Bans, pulping plants and librarians. Withdrawal of books in the Metropolitan Library of Budapest between 1945 and 1950
The article investigates the ideology-driven book withdrawal policy in Hungary from 1945 to 1950, presenting also the attitudes and motivations of librarians carrying out the actions.
In 1945, the city authorities ordered the Metropolitan Library to seize all books and journals suspected of reflecting fascist, anti-Soviet and anti-democratic ideology. Senior staff at the library reacted according to their own interpretation of the order. They were hoping that through the exemptions of the measure, they would be able to save much of the collection and even keep a few of the titles confiscated from branch libraries. The exemption was that two copies of the banned books could be kept for documentation purposes.
After the first wave of withdrawals, the collection of the central library was reduced by 10,307 volumes. Further disputed titles were withdrawn from the card catalogues only: in this way, the books were not available for the readers, but at least they did not have to be destroyed. Withdrawn books and journals were sent to pulping plants by the police.
However, in 1946, an eager librarian prepared a concrete book withdrawal list to be used by branch libraries. This list went beyond the direct political interests and enforced broader ideological considerations. In 1947, all banned books of “suspicious ideology” as well as all journals and newspapers published between 1920–1944 held in the central library were convicted to immediate destruction. Despite the chief librarian asking the mayor of Budapest to intervene against the destruction of valuable scientific journals, these periodicals were pulped.
The withdrawal campaign culminated in 1950 when it became a procedure controlled by the state. The ministry of culture prepared book withdrawal lists for various types of libraries. Eventually all books were banned that presented the values of civil society in an attractive way. Many classical authors, the literature representing the life of countrymen, as well as religious books were also discarded. As a result of the country-wide elimination of books, approximately 54, 000 volumes were withdrawn from the collections of the Metropolitan Library of Budapest, which meant that two thirds of its previous collection ended up in the pulping machines.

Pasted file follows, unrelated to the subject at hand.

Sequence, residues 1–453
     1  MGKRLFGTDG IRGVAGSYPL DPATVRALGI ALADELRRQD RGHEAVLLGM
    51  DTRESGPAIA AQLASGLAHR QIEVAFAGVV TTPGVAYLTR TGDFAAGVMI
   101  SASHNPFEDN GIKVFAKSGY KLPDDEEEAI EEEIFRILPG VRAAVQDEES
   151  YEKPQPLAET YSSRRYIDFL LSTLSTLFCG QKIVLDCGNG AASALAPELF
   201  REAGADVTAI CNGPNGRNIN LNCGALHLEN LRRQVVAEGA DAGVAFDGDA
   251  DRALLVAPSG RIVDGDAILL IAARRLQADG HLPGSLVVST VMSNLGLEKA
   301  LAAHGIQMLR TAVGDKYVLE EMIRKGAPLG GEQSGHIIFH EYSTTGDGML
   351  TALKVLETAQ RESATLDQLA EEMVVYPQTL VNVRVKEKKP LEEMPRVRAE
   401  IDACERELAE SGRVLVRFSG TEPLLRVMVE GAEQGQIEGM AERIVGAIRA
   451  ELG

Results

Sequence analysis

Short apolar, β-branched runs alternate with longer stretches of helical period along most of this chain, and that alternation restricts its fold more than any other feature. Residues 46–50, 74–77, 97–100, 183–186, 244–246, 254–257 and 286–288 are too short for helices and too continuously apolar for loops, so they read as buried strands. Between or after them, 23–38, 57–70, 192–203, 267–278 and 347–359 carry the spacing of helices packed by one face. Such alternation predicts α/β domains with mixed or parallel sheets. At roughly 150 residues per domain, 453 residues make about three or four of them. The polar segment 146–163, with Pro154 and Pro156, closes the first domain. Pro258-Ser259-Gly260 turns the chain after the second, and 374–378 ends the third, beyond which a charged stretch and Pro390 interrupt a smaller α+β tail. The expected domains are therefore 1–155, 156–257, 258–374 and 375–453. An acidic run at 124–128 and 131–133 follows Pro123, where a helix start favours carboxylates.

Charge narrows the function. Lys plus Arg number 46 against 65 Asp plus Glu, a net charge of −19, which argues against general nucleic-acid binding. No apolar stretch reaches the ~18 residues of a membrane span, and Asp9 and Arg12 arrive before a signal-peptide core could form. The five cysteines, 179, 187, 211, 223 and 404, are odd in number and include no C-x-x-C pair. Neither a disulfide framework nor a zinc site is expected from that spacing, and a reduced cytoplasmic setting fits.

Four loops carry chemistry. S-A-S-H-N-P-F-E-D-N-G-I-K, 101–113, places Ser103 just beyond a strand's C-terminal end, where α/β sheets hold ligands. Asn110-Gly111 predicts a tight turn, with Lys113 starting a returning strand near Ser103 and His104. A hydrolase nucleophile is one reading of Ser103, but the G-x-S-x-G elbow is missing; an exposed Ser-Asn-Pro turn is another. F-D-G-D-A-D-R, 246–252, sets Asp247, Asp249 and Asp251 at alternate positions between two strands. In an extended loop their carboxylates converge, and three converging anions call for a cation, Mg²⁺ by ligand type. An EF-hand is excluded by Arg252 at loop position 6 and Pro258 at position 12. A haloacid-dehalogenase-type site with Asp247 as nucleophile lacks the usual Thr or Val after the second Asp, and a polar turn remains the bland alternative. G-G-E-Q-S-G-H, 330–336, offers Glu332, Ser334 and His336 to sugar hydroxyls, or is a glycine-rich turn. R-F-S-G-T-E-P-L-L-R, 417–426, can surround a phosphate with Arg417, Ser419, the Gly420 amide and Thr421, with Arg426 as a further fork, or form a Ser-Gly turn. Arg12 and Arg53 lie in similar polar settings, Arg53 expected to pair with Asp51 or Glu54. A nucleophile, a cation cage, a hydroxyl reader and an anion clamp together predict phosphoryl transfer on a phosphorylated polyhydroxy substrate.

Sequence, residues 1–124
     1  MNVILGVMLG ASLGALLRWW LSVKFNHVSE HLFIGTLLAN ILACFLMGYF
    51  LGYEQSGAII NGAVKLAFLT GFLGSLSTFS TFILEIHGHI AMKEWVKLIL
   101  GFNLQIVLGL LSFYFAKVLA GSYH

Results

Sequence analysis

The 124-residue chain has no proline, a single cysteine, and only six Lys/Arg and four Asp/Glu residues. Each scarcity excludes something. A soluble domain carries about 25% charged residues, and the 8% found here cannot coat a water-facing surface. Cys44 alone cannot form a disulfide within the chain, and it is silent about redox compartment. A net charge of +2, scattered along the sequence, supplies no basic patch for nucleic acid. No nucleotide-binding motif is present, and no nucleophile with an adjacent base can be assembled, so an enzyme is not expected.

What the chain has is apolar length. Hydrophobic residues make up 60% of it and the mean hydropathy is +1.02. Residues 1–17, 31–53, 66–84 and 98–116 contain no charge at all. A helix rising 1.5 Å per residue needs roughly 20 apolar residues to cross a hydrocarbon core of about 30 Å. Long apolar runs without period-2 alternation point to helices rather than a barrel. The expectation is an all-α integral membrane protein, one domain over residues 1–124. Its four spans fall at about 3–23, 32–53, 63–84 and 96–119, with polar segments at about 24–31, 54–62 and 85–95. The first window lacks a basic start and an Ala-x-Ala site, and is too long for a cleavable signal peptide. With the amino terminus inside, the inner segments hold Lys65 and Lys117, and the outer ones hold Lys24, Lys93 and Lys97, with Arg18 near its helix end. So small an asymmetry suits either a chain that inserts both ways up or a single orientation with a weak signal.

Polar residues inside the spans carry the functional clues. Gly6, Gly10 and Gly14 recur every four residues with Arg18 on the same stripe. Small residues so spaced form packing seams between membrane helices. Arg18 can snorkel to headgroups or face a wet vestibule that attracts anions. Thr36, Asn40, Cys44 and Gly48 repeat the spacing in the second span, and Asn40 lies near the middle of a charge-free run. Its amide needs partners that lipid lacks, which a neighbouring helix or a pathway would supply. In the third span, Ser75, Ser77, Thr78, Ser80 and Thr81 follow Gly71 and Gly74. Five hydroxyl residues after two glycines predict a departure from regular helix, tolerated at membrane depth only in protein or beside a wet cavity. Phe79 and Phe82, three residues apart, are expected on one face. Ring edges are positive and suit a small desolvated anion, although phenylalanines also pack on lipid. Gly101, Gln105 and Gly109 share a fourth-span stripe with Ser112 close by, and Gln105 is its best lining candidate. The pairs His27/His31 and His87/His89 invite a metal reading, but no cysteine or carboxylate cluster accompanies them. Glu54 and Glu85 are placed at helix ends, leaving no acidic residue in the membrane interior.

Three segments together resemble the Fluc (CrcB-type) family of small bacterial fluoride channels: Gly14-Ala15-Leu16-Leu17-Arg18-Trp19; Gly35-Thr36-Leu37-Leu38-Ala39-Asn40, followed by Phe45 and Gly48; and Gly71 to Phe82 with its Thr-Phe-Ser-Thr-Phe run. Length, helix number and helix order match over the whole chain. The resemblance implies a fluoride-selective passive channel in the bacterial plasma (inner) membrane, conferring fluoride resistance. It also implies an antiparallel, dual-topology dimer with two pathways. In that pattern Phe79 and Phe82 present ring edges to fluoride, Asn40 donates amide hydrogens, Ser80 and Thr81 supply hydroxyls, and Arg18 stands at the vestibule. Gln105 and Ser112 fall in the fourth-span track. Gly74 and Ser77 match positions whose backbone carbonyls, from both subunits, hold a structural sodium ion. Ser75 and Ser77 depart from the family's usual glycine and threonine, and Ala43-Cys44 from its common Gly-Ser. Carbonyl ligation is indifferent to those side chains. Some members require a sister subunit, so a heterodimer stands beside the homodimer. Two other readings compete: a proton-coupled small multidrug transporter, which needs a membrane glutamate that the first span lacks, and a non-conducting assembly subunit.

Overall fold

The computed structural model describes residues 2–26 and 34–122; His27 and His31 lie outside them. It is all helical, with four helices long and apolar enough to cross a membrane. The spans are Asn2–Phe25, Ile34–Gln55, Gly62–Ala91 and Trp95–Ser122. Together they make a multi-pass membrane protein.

Surveying the marketing of library services in three Hungarian cities
VIDRA SZABÓ Ferenc – PÉTERFI Rita
On autumn 2003, researchers of the Hungarian Library Institute conducted a survey on the marketing environment of libraries in three cities, Eger, Szolnok and Debrecen. The survey included questions on the appreciation of libraries, on the information needs of local citizens, about new library slogans that people would find useful for promotion purposes etc. The researchers intended to develop, on the basis of the outcomes, a survey method that can be adopted and used by other libraries too. 900 people were interviewed that were not members of any library at the time of the survey. The results revealed what kind of picture non-users have of libraries, and their opinions turned out to be useful for new strategies aiming to attract these people to the libraries again.
Most interviewees had a positive image of libraries. The most often mentioned features of libraries were
1. the cultured atmosphere of libraries,
2. the helpful attitude of librarians, and
3. the collections and services.
However, in many cases, the interviewees were not sure about what kind of services they can expect at libraries.
The image of libraries as reflected by the answers of local citizens can help library directors in the planning of their marketing strategy. Libraries should be more actively involved in the life of the local community, and in order to achieve this, they should strive to make the marketing of their services more efficient. The marketing strategies should target both the users and the local decision makers. One of the marketing tips can be to emphasise the availability of the new information and communication tools at public libraries, most often free of charge for users.
The library of the Budapest History Museum
The first local history museums date of the end of the 19th century. In Hungary, it was Flóris RÓMER who first recommended the establishment of the Municipal Museum that would collect and display objects in connection with the history of the capital. The idea was supported by the decision makers of the capital, however, the first municipal museum was opened in a temporary building and this is where it continued to operate for several decades. The Budapest History Museum finally occupied its current premises in the museum complex of Buda Palaces in 1967, but some of its departments have remained located in other districts of Budapest. The organisation of the document collections at various departments started at that time, and in 1973, a central library was created incorporating the previous Archaeological Library, as well as the libraries of Medieval history and the Early Modern Period. The library of the Budapest History Museum provides only limited access to public, its mission being the provision of professional literature for researchers in the area of archaeological and museum-related research and activities.